There are a number of different ways in which a breath control input such as a breath vector 212 may be used in a computer program. In general, the program may change its state of execution in response to a determined value of the orientation, magnitude or timing of the blow vector. By way of example, and not by way of limitation, the start of execution of a program or a subroutine within a program may be triggered when the orientation, magnitude or timing above or below a threshold value. Alternatively, the magnitude, orientation, or timing of the blow vector may determine the value of a variable that is used by the program.

In a more general sense, the orientation, magnitude or timing of the blow vector may serve as inputs that control actions resulting from execution of the program. For example, a breath control vector can be used in a video game to direct a simulated projectile, e.g., as in a first person shooter game. Alternatively, the direction and magnitude of the breath can be used in a highly intuitive game situation, such as blowing out a candle, as seen in FIG. 3A. In this example, the orientation of the user's breath is determined relative to a video screen 214. It is also possible to use the relative change in direction of the blowing of breath from one breath to provide a directional input without reference to the video screen 214. This might be useful, e.g., in the case of a thermographic camera mounted to a pair of glasses worn by the user. The orientation of the user's breath relative to the video screen can be determined if the position and orientation of the camera 202 are known in relation to the position and orientation of the video screen 214. This can be accomplished, e.g., using a position sensor attached to the camera 202 that senses the position and orientation of the camera relative to the video screen. Given the direction of the breath and location of the user's mouth and/or nose relative to the video screen 214, it is easy to implement game play involving gun shooting or candle blowing using breath control. Furthermore, because one can blow to multiple directions, the functions of a conventional game controller's buttons and/or joystick(s) can be easily implemented while leaving the user's hands free.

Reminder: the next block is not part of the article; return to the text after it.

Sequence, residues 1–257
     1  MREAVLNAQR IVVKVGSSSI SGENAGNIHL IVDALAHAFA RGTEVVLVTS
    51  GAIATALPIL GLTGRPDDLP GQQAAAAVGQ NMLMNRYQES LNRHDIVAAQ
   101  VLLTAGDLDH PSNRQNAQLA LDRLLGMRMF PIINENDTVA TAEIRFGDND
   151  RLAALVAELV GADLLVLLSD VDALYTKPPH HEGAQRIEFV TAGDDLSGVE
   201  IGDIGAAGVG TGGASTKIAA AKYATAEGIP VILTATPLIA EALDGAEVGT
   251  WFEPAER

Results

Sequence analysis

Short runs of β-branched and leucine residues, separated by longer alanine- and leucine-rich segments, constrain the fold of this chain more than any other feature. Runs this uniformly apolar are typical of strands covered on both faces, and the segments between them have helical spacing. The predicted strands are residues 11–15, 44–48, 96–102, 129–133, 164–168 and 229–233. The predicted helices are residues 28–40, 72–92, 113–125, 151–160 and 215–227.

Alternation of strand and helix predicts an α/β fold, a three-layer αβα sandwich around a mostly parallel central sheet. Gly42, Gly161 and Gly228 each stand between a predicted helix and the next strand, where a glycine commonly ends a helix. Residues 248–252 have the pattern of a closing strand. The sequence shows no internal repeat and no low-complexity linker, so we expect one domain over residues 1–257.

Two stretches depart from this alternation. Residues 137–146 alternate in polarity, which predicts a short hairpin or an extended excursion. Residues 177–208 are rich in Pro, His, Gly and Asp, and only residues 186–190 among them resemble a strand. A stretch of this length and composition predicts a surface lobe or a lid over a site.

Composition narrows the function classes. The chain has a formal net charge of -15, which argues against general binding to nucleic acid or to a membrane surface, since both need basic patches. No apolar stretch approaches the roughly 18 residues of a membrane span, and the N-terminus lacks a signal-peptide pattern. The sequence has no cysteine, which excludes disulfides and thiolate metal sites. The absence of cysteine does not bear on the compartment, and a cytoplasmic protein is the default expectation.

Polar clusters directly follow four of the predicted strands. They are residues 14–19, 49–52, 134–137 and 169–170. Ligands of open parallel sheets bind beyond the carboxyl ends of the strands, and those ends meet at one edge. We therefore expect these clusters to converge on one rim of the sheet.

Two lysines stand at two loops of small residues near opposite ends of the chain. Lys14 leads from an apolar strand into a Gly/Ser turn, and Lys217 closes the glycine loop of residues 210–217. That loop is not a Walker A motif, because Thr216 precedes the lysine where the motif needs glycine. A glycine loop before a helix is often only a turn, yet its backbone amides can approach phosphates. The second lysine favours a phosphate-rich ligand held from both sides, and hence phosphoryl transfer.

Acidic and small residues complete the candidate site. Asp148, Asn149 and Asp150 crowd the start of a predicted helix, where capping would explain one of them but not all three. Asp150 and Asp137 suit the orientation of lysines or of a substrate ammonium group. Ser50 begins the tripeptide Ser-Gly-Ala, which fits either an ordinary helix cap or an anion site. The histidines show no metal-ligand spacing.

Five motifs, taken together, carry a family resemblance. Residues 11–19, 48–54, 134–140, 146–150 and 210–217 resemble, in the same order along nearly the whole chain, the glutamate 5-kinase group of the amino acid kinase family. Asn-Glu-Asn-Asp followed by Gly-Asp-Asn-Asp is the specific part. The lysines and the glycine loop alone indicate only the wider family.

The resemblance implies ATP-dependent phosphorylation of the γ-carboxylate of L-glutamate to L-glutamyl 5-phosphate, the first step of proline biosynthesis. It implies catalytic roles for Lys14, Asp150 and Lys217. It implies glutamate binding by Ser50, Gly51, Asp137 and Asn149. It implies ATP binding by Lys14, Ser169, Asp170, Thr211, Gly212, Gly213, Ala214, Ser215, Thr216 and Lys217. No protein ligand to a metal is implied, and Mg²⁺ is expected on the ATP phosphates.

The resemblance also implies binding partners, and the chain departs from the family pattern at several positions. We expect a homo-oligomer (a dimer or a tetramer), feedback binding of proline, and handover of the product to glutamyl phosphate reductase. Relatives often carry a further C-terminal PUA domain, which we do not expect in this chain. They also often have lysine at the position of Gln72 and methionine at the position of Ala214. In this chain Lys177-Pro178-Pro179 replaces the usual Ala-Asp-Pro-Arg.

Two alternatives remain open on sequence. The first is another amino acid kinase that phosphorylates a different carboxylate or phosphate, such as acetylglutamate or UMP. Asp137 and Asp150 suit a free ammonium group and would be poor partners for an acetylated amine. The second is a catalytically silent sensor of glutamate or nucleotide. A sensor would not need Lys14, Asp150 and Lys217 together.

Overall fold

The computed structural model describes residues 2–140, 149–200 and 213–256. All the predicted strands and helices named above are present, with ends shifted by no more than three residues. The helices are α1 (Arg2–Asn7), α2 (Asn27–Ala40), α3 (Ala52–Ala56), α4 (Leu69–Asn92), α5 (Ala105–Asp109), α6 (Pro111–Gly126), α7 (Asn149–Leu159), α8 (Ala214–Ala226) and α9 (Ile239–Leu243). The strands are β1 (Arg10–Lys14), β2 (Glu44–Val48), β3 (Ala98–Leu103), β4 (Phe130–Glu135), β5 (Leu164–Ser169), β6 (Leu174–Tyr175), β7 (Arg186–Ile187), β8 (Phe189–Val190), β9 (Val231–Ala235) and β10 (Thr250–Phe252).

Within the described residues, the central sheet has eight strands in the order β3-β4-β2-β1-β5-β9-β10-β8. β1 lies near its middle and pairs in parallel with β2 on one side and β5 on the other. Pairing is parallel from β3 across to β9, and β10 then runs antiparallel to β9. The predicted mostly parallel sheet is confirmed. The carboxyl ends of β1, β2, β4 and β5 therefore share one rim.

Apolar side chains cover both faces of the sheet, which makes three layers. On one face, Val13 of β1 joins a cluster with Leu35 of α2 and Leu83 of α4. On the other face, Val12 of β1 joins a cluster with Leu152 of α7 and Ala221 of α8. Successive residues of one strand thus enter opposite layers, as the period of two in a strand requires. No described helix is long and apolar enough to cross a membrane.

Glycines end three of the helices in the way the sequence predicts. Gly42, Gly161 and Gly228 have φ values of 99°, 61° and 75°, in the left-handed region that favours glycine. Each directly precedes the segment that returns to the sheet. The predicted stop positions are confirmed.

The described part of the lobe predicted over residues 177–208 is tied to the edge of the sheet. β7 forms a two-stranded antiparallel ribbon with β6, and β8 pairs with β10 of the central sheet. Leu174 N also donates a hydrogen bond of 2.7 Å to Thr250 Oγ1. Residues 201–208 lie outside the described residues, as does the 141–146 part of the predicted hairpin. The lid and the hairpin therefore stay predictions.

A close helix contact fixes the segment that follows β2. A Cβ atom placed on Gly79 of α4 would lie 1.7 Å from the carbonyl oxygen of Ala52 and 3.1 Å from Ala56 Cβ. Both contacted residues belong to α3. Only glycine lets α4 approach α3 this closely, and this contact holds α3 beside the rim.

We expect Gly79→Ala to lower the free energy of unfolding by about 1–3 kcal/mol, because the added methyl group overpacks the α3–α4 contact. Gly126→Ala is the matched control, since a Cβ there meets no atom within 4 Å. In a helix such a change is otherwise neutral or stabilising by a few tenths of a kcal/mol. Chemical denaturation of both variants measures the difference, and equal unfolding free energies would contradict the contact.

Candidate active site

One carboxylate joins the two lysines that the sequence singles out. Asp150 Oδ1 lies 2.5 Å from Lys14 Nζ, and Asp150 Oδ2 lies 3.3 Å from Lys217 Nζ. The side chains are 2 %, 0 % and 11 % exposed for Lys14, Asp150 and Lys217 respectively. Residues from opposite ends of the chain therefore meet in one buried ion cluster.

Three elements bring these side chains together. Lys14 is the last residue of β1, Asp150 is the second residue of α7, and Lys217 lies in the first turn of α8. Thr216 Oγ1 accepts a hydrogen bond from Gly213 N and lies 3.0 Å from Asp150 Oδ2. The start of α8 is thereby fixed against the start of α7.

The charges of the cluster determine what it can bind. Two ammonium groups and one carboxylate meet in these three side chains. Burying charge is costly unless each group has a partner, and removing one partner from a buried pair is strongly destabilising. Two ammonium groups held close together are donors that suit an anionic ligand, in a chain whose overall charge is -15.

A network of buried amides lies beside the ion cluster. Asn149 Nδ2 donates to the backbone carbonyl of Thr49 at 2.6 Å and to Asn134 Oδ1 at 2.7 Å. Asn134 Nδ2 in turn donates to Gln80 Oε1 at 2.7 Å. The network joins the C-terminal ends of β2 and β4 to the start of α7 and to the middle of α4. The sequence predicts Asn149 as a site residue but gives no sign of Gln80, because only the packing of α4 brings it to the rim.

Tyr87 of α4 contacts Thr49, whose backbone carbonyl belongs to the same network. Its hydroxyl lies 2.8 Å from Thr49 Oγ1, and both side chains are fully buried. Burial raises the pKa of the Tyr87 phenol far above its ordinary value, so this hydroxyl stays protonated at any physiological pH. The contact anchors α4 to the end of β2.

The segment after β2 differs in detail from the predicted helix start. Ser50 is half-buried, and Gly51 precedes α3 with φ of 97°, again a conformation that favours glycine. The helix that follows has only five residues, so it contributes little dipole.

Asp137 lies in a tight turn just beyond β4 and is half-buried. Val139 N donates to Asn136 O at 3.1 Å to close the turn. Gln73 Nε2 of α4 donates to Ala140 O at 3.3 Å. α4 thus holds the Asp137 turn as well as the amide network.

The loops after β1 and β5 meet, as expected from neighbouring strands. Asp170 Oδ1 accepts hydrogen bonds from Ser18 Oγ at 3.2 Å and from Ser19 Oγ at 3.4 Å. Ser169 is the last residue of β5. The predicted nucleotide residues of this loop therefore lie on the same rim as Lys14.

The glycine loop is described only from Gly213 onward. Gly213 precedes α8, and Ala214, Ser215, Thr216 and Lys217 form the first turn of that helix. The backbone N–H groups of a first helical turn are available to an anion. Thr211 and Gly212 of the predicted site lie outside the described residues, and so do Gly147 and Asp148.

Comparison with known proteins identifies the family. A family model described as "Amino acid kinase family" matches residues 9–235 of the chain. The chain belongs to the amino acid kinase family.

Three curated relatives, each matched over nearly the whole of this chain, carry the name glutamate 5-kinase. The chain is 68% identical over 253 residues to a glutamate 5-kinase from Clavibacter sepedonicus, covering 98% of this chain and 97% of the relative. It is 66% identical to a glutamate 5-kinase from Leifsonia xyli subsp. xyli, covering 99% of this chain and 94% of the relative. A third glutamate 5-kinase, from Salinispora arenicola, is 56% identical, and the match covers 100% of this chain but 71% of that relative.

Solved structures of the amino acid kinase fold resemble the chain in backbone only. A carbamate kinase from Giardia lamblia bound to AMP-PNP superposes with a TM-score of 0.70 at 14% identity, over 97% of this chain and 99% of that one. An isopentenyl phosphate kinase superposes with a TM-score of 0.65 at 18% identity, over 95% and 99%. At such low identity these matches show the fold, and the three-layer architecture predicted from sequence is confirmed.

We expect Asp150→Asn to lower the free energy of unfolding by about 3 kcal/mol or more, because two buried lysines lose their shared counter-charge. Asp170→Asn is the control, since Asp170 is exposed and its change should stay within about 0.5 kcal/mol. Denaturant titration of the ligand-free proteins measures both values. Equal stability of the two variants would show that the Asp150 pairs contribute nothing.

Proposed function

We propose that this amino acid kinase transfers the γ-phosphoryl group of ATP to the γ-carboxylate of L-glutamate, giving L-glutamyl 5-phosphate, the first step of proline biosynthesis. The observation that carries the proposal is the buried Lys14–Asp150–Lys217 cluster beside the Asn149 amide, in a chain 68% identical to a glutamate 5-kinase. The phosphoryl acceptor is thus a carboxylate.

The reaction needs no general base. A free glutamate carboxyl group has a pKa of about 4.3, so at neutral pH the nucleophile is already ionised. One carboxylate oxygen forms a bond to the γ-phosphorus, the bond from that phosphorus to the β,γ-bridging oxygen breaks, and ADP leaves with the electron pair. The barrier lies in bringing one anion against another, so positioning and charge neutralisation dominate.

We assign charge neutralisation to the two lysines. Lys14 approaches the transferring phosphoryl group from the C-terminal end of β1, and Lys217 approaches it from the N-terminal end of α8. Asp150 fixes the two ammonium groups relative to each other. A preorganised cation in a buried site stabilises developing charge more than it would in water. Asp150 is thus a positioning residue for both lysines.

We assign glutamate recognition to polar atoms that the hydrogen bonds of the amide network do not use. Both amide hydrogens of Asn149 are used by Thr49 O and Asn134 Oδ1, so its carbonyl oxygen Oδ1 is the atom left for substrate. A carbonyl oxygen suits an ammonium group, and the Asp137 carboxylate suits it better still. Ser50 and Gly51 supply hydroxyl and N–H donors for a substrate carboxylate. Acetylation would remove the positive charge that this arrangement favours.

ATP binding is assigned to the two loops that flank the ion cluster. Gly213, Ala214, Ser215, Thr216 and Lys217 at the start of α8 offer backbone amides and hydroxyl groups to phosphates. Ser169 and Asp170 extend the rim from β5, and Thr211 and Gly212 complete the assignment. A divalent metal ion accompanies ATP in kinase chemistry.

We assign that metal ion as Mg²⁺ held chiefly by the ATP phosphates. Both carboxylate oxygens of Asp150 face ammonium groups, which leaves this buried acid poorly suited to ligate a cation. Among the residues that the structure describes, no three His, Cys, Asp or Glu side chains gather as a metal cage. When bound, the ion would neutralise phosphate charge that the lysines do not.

Breath control can also be used to control the animation of avatars. A computer game program may map the timing and intensity of breathing to breath to an avatar controlled by a user so that avatar breathes in synchronization with user. Such an effect can enhance the realism of the game experience for the user.

Breath-based control of avatars may also be used in more fanciful ways. For example, as depicted in FIG. 3B, a user's breath can be used in a video game in which the user controls a dragon avatar. The user's breathing can be used to synchronize certain actions of the dragon. For example, when the user breathes out with sufficient strength through the mouth and/or nose, the game program can trigger dragon's nose to emit out flames or smoke or some other special effect. In some embodiments, a user can customize the breath display pattern for an avatar to personalize the avatar in a game that is played over a network.

Another possible game implementation is a swimming game in which a user attempts to hold his breath while the user's avatar is underwater.

Embodiments of the invention may use a conventional keyboard or game controller in conjunction with a blow detector that detects the blowing of breath from a user to control multiple functionalities in an effortless fashion. In some embodiments a blow detector may be combined with a conventional input device. For example, a thermographic camera can be mounted to a keyboard or hand held game pad to provide breath information.